There are some varying approaches to randomness in shaders we could take.

  • Perlin noise is one, but the issue is that it isn’t random-per-pixel, it has gradations between points (by definition, it’s a gradient noise).
  • Combine transcendental numbers (such as pi) with trigonometry. This would work, but GPU accuracy on trigonometric values varies.
  • We have float3s at our disposal, so we can use dot products and frac()s to give us some variations from input values

Dave Hoskins provided a nice take on this on ShaderToy, here. And includes a function to generate random noise values.

We could use the 3-in (worldPosition.xyz) 2-out (UV offset) function, but I’ve selected the 3-in, 3-out, so you could negate the colour palette entirely and just use the random float3 we’ll generate to provide the colour tint, without needing to tweak the random function.

This is how his function looks:

///  3 out, 3 in...
vec3 hash33(vec3 p3)
{
	p3 = fract(p3 * HASHSCALE3);
 	p3 += dot(p3, p3.yxz+19.19);
	return fract((p3.xxy + p3.yxx)*p3.zyx);
}

The problem is, that’s GLSL, not CG. It’s simple enough to convert it though, as both languages support the same stuff (I’ve also changed ‘p3’ to ‘seed’ to make things more con textural).

// Random generator based on 3 values in, 3 values out by Dave Hoskins: https://www.shadertoy.com/view/4djSRW
float3 random(float3 seed)
{
	seed = frac(seed * float3(443.897, 441.423, 437.195));
	seed += dot(seed, seed.yxz + 19.19);
	return frac((seed.xxy + seed.yxx)*seed.zyx);
}

The next step is to transfer the new float3 to the surf() function so we can use it in our final colouring of our mesh.

As the colour tint is per-object, we’ll do the colour-palette sampling from the vertex program (so its per-vertex, not per-fragment). Then we’ll set that to be the vertex colour (as that’s already in our shader code and unused) to pass the tint along.

void vert(inout appdata_full v) {
	// randomizedWPos is center of object in world space, then randomized using the position as a seed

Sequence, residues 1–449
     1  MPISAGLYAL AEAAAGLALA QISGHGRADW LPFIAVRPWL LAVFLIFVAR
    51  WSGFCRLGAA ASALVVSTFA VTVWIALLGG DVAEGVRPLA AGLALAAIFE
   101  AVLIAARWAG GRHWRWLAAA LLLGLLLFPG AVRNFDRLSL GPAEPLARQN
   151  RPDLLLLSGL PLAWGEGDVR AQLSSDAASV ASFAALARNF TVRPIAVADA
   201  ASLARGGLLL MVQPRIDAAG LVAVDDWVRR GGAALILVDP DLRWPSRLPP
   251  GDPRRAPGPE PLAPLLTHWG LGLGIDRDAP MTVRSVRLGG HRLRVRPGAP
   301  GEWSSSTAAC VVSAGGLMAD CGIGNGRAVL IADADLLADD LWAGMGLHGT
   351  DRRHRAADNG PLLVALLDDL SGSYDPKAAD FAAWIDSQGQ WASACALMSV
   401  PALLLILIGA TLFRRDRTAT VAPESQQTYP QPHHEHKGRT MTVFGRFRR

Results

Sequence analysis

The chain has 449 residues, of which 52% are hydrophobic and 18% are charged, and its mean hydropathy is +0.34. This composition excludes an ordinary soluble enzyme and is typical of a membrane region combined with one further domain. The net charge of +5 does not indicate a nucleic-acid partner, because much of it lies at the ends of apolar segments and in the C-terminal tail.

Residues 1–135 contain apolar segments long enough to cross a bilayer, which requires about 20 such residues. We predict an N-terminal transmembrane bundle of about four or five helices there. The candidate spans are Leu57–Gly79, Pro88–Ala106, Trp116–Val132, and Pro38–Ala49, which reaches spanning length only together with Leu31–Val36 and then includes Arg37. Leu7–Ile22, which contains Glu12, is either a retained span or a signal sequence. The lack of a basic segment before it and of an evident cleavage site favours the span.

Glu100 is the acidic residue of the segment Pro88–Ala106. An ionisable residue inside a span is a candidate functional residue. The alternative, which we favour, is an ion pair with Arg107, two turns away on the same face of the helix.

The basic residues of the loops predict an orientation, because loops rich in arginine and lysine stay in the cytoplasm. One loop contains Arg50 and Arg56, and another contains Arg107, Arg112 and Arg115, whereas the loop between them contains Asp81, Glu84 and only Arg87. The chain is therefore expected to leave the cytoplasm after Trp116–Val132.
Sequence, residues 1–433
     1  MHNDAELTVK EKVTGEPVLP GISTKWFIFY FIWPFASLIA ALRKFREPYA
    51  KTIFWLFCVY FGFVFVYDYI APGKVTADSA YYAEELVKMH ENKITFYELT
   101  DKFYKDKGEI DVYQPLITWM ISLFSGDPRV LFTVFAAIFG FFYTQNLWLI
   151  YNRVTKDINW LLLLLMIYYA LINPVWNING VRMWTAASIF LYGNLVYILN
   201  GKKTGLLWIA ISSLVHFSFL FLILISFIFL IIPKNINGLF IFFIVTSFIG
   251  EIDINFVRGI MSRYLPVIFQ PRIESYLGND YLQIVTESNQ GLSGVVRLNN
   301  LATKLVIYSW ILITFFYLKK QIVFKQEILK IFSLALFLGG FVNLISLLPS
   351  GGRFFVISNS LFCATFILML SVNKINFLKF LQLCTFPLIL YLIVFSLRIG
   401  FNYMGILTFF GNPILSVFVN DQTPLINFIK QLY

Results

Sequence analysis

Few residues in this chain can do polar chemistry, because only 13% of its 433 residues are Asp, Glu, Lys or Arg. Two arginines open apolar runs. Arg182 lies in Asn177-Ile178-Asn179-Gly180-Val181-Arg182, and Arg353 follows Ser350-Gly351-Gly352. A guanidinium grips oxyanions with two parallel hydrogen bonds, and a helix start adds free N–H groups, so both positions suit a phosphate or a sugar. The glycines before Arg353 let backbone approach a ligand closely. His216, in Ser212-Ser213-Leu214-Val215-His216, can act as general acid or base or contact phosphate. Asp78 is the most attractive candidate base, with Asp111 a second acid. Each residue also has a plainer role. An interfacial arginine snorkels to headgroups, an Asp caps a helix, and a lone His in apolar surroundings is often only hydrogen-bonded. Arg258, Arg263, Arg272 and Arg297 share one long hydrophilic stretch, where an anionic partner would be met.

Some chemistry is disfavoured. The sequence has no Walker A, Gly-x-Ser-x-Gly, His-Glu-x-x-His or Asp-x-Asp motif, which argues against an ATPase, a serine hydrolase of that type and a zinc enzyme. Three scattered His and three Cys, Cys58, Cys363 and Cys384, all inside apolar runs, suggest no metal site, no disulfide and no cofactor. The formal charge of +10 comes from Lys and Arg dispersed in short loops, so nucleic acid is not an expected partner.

fixed3 randomizedWPos = random(mul(unity_ObjectToWorld, float4(0, 0, 0, 1)).xyz);

	// randomizedWPos is then used to modify UVs against a colour palette texture, this is less efficient than just using
	// a random noise generator, but it gives us ultimate control over the output color
	fixed3 colSampled = tex2Dlod(_ColorPalette, float4(randomizedWPos.r + randomizedWPos.b, randomizedWPos.g + randomizedWPos.b , 0, 0 ) );

	// Pass through as vertex color to fragment/surface
	v.color.rgb = saturate(colSampled);
}
void surf (Input IN, inout SurfaceOutputStandard o) {
	// Albedo comes from a texture tinted by vertex color - in this case, it's randomized from a palette based on worldpos
	fixed4 c = tex2D (_MainTex, IN.uv_MainTex);
	o.Albedo =  (c.rgb * IN.color.rgb) ;
	o.Metallic = _Metallic;
	o.Smoothness = _Glossiness;
}

Now, we get something that looks like this:

However, there’s one final problem: I’ve applied a simple texture like this:

The pages are the top half, the spines are the bottom half of the texture sheet

The pages in the books also change colour! We don’t want this, so we’ll use the _MainTex alpha channel to mask out the tint (as we’re not using alpha anyway) – this way round is an alpha value of 1 means pages, but you can reverse it as you see fit.

void surf (Input IN, inout SurfaceOutputStandard o) {
	// Albedo comes from a texture tinted by vertex color - in this case, it's randomized from a palette based on worldpos
	fixed4 c = tex2D (_MainTex, IN.uv_MainTex);
	o.Albedo = (c.rgb * IN.color.rgb * (1 - c.a)) + (c.rgb * c.a);
	o.Metallic = _Metallic;
	o.Smoothness = _Glossiness;
}

And our final result:

We can now duplicate and batch these to our heart’s content…

Lots of books! Be sure to enable GPU instancing on your material!